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In the design world, 2008 ended with something monumental: more than 100,000 firms and individuals, in 100 countries, committing to the Designers Accord, a voluntary pledge to produce more environmentally and socially responsible work, make all resources public, and share the results with the world. This..

In the design world, 2008 ended with something monumental: more than 100,000 firms and individuals, in 100 countries, committing to the Designers Accord, a voluntary pledge to produce more environmentally and socially responsible work, make all resources public, and share the results with the world.This year, good design seemed to be everywhere. In New Orleans, Brad Pitt helped to bring global attention to housing issues with his Make It Right foundation. Cameron Sinclair, the founder of Architecture for Humanity, was featured as one of the subjects of the Sundance Channel's Iconoclasts series, opposite that other famous Cameron, Diaz. And Philippe Starck claimed that everything he has designed was "unnecessary," so he was looking for a new profession.In the book world, Paul Polak published Out of Poverty, arguing that the world's greatest designers and innovators should think of the world's poorest people as their clients. And Design for the other 90%, the Cooper-Hewitt Museum's exhibition of low-cost products and technologies began its worldwide tour.Designers also looked to simpler solutions for complex problems: Plants and animals were catalogued by the Biomimicry Institute as Nature's 100 Best Technologies. Over at MIT, Amy Smith launched her D-Lab into a product-development think tank for simple solutions to global problems. And a retrospective of Buckminster Fuller's work proved he had all the answers 50 years ago. A grant in his name was awarded to John Todd for his ecological design to repair industrial destruction in the Appalachian region.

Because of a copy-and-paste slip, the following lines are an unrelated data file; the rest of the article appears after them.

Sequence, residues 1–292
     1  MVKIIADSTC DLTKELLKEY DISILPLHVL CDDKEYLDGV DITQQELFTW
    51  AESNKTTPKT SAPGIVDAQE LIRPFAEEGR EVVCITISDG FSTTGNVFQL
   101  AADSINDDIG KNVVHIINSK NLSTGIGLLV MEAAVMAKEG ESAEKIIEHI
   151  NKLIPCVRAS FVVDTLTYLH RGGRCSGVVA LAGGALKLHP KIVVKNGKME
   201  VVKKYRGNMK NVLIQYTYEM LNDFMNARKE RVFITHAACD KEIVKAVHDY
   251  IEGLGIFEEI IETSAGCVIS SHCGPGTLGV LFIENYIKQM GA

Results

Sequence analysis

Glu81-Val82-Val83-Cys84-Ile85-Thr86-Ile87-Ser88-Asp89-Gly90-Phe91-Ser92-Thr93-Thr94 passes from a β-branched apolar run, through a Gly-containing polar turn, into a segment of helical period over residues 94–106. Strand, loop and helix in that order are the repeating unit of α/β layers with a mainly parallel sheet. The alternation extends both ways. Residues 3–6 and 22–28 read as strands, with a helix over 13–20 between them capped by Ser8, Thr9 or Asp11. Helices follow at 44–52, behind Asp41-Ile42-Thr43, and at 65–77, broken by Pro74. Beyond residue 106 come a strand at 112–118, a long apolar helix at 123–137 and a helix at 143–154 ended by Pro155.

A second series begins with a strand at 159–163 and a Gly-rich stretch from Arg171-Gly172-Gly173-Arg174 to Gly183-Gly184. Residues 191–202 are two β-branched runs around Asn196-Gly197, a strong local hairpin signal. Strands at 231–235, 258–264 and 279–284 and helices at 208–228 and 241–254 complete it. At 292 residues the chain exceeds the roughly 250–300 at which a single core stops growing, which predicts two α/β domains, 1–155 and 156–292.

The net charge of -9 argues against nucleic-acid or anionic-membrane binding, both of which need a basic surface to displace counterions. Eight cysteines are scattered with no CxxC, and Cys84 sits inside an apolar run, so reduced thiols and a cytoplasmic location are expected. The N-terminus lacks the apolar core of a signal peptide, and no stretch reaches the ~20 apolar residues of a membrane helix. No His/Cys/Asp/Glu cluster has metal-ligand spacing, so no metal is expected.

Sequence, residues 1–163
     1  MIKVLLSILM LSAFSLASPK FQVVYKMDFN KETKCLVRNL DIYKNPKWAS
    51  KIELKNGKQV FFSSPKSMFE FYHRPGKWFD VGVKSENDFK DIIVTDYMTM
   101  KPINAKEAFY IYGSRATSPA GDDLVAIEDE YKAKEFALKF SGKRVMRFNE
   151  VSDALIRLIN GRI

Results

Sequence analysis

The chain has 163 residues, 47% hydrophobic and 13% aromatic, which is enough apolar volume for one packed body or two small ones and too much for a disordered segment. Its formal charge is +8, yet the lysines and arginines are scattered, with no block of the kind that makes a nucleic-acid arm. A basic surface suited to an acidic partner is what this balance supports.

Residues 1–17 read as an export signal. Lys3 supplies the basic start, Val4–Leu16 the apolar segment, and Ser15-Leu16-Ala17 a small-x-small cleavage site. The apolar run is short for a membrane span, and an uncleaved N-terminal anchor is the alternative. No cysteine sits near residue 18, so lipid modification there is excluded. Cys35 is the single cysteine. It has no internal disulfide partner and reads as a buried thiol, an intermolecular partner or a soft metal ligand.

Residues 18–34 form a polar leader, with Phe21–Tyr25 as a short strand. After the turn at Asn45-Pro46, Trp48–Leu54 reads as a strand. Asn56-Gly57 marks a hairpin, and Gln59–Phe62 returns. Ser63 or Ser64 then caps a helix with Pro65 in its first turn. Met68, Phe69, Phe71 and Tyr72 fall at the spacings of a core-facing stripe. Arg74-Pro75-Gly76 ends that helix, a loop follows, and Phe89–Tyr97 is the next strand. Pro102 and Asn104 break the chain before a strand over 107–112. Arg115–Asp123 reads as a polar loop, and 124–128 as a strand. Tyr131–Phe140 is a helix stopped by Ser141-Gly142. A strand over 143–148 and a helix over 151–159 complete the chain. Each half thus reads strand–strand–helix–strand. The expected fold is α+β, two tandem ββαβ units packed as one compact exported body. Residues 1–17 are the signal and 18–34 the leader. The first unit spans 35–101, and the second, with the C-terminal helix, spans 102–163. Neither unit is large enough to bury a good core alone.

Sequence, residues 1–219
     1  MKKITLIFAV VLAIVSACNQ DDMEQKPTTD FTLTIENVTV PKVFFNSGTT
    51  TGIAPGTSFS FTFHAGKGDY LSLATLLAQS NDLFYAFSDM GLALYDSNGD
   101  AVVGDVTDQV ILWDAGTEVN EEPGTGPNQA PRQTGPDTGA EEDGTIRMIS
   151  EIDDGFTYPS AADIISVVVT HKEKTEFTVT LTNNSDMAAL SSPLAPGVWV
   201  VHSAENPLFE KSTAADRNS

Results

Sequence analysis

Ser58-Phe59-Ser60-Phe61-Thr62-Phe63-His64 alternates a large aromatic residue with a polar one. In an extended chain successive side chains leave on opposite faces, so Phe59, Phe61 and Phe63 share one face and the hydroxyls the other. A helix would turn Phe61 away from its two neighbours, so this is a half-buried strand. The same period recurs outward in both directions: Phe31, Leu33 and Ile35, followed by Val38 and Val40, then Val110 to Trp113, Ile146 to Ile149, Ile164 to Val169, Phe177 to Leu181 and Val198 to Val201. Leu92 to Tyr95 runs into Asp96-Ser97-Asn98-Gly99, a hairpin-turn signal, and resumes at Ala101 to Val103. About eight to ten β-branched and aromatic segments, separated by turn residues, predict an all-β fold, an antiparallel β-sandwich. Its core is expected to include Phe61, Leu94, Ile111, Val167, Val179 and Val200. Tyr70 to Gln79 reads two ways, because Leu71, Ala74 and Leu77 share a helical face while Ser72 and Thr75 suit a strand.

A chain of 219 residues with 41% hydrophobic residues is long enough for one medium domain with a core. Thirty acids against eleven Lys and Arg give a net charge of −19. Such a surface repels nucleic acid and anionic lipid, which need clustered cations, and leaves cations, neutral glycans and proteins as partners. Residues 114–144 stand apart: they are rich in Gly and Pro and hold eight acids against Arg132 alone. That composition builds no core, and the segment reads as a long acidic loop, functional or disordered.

But perhaps the biggest triumph for design this year was the one that received the least attention. On a turnout-shattering Election Day, millions of Americans cast their votes on redesigned ballots, thanks to ongoing efforts by AIGA, the professional association for design, whose Design for Democracy project helped make voting clearer, easier, and more accurate.

NOW WHAT The Designers Accord recently launched an online community to further their mission. Check out community.designersaccord.org for more information.

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via WFMZ / YouTube

John Perez was acquitted on Friday, February 21, for charges stemming from an altercation with Allentown, Pennsylvania police that was caught on video.

Footage from September 2018 shows an officer pushing Perez to the ground. After Perez got to his feel, multiple officers kicked and punched him in an attempt to get him back on the ground.

Perez claims he was responding to insults hurled at him by the officers. The police say that Perez was picking a fight. The altercation left Perez with a broken nose, scrapes, swelling, and bruises from his hips to his shoulder.

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Communities
via Affinity Magazine / Twitter

Disgraced movie mogul Harvey Weinstein has been found guilty of rape in the third degree and criminal sexual acts in the first degree in New York City.

The jury was unanimous in its convictions as well as two not-guilty verdicts on predatory sexual assault charges involving actress Annabella Sciorra.

The Miramax co-founder may spend the rest of his natural life behind bars.

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Culture
via Wallace and Gromit

Most of the animation you see these days is done by computers. It seems that we see fewer and fewer films made with stop-motion animation, a time-consuming art where objects are manipulated and photographed 24 times per second to create the illusion of motion.

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Culture